Karl Nawrot sculpts, makes models + engineers machines to create his experimental type.
Karl Nawrot creates type, illustrates, and draws abstract graphic compositions. What makes the French designer stand out from others in the trade though, is his overarching architectural sensibility. Nawrot uses techniques usually associated with the architectural process to create letterforms drawn using various media. Whether pencil, foam board, or plastic, his creations are the typographic equivalent of an architectural model.
Currently living in Lyon, France, the designer has taught drawing at the prestigious Gerrit Rietveld Academie, and spent three years lecturing on drawing and typography at the University of Seoul. In 2015, he won first prize at the International Poster and Graphic Design festival of Chaumount, and his work—which is difficult to pin down as being any one particular discipline—has been exhibited at numerous galleries around the world.
The act of creating is key to what Nawrot produces, and his exhibitions continually emphasise process over outcome. “I don’t really work conceptually but I follow an organic way of working instead,” he explains. “That often means I need to build a physical narrative in order to understand what I’m looking for. It’s important for me that the final product is linked to a story, a fiction."
One of Nawrot’s most architecturally-minded typefaces was for the Bauhaus Dessau Foundation in 2012, where he also created various 3D models to develop fonts. His family of four typefaces were based on four different Bauhaus professors—Josa for Josef Albers, Breu for Marcel Breuer, Mona for Lazlo Moholy-Nagy, and Pauk for Paul Klee.
Astrid Stavro is the creative director of Atlas Design who comes from a long line of printers and graphic designers in Trieste that reaches all the way back to her great-great-great-grandfather.
Drawing upon the eclectic blend of Italian and Viennese architectural styles in her home city, Stavro joined up with It’ s Nice That and Fontsmith on Local Characters to combine two weights of FS Sally, splitting the letterforms along an imaginary horizontal axis and tweaking them to blend features of modern fonts and older wood typefaces.
The Local Characters project is a series of posters and typefaces commissioned in partnership with designers in four cities to showcase Brandfont, a new service from Fontsmith that enables brands to create exclusively licensed typefaces. It’s Nice That art director Ali Hanson says, “We were thrilled to work with Astrid; we knew she’d lived in multiple places beforehand and thought this could bring an interesting angle to the project. The final typeface exceeded our expectations. It shows a genuine connection to Astrid’s take on Trieste as a city of contrasts, realized beautifully in how the central splice was worked into each letter.”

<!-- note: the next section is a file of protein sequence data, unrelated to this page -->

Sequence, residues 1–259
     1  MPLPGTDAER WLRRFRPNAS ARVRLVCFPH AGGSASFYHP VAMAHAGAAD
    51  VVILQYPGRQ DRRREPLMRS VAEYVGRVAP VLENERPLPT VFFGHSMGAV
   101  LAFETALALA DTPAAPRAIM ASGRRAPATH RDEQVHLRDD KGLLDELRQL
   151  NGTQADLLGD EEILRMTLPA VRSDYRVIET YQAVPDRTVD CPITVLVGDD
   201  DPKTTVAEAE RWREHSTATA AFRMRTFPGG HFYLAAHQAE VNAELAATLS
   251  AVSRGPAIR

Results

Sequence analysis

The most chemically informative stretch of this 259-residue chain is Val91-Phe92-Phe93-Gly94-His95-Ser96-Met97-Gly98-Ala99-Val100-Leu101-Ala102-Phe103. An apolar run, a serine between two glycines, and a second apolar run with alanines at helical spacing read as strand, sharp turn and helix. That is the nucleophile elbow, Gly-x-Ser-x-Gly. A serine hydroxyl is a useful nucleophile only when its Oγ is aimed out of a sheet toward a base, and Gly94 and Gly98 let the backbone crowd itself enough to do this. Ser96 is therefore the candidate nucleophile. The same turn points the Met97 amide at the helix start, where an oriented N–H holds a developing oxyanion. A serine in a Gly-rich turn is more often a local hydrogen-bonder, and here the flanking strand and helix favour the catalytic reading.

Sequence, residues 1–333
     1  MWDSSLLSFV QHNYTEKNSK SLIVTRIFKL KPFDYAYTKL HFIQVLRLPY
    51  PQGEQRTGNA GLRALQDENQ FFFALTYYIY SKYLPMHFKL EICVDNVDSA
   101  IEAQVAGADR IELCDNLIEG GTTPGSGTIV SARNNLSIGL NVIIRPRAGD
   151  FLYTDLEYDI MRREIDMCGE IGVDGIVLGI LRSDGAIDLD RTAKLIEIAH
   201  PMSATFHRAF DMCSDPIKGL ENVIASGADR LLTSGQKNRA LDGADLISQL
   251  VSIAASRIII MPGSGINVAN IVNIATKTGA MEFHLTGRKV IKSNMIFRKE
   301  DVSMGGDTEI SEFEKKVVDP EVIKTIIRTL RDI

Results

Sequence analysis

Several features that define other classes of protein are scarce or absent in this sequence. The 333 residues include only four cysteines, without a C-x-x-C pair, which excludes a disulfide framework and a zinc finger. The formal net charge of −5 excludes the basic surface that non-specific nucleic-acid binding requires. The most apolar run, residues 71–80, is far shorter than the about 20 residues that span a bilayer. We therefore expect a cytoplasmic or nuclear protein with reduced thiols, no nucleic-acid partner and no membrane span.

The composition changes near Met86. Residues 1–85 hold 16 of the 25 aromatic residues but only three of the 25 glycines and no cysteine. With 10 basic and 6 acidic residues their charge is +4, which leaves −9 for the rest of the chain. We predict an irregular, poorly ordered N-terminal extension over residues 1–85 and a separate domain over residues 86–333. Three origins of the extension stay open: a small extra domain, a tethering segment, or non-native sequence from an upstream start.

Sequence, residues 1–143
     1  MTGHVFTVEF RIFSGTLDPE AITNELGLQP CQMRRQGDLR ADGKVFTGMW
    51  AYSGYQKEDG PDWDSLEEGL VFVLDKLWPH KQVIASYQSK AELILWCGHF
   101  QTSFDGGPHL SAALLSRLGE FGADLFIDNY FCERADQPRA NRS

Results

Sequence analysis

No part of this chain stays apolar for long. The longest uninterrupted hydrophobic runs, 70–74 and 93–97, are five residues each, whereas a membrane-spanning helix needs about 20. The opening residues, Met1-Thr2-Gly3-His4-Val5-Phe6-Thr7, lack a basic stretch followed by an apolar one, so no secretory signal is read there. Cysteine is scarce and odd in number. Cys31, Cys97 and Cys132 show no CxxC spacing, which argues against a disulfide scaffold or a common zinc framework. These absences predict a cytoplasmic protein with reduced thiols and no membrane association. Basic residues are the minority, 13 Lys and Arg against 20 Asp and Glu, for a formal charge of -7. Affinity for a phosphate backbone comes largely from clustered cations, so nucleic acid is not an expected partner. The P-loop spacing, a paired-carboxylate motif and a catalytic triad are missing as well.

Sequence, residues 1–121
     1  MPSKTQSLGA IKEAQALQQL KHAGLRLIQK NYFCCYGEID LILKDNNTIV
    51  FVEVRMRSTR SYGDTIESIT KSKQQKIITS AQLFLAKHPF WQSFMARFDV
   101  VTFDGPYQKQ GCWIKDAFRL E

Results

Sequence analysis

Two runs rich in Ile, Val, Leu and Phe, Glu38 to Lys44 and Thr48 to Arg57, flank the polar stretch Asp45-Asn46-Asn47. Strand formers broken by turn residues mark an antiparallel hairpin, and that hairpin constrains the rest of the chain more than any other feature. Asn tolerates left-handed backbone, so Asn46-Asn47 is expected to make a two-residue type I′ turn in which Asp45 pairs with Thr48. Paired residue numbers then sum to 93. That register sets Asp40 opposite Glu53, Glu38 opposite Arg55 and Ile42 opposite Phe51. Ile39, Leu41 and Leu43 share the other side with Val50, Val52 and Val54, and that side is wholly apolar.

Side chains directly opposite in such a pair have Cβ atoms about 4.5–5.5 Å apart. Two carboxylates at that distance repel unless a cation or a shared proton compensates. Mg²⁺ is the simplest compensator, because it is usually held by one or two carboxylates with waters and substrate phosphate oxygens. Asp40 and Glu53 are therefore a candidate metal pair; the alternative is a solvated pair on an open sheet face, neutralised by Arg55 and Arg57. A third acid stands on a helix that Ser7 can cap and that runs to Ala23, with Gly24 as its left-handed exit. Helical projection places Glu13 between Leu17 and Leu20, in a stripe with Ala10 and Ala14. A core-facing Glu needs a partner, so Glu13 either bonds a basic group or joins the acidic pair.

If we were pressed to make a list of studios churning out super smart, ever on-point branding, Foreign Policy would likely top it. Their fresh identities never fail to take blogs by storm when they emerge online; they were even recently at the helm of a Singapore-based brand guide. In their ongoing exploration of how to extend holistic and narrative-driven design to the everyday, they’ve got a new venture that has literally taken on a new dimension. For the past few months, Foreign Policy creative directors Yah-Leng Yu and Arthur Chin have been focusing on how wayfinding systems can translate their 2D branding concepts to the shape and flow of winding buildings and crowded spaces.
Earlier this year Foreign Policy designed the identity for The Working Capitol, a co-working space modelled on the likes of Shoreditch and Soho House that’s located in Singapore’s vibrant Chinatown. After creating the identity, their next step was to transport its sense of cool and considered ease to the physical site.
The Working Capital identity was based on the Euclidean Principle, a mathematic concept developed by the father of geometry himself that suggests there can be many outcomes. Yu and Chin translated this idea to the space by creating a design that changes depending on your vantage point: the 3D view of the building can collide to create cohesive 2D images, creating a subtle but impressive anamorphic spectacle.
The use of wooden shapes blurs the boundaries between 2D and 3D further; wooden bathroom signs and arrows jut out from muted yellow or white walls inconspicuously. Blue lines snake around the rooms and staircases, inviting you to visually interact with areas that you might not normally take notice of. “We’ve made it purposefully fun and unconventional,” says Yu. “We want the people who work there to get ‘off the conventional track,’ and create something great in their line of work.” For Foreign Policy, shaking up the way we work and think goes hand in hand with shifting how we perceive and navigate space.